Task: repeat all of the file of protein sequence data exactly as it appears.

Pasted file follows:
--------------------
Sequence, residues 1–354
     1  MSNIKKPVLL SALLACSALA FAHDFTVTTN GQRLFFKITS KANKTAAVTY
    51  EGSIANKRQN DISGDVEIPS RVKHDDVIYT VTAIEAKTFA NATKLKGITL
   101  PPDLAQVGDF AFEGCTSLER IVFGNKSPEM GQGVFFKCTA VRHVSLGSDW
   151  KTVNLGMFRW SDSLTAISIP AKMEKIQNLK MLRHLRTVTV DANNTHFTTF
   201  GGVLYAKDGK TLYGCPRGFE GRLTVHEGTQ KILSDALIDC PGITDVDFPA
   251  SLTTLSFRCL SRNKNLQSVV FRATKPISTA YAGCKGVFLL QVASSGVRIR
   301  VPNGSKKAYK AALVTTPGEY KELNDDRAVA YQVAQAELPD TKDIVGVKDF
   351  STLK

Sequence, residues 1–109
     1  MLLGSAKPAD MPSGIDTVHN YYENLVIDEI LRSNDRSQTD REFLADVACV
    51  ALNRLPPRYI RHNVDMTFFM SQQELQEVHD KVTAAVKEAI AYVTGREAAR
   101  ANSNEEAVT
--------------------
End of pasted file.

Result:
Sequence, residues 1–354
     1  MSNIKKPVLL SALLACSALA FAHDFTVTTN GQRLFFKITS KANKTAAVTY
    51  EGSIANKRQN DISGDVEIPS RVKHDDVIYT VTAIEAKTFA NATKLKGITL
   101  PPDLAQVGDF AFEGCTSLER IVFGNKSPEM GQGVFFKCTA VRHVSLGSDW
   151  KTVNLGMFRW SDSLTAISIP AKMEKIQNLK MLRHLRTVTV DANNTHFTTF
   201  GGVLYAKDGK TLYGCPRGFE GRLTVHEGTQ KILSDALIDC PGITDVDFPA
   251  SLTTLSFRCL SRNKNLQSVV FRATKPISTA YAGCKGVFLL QVASSGVRIR
   301  VPNGSKKAYK AALVTTPGEY KELNDDRAVA YQVAQAELPD TKDIVGVKDF
   351  STLK

Sequence, residues 1–109
     1  MLLGSAKPAD MPSGIDTVHN YYENLVIDEI LRSNDRSQTD REFLADVACV
    51  ALNRLPPRYI RHNVDMTFFM SQQELQEVHD KVTAAVKEAI AYVTGREAAR
   101  ANSNEEAVT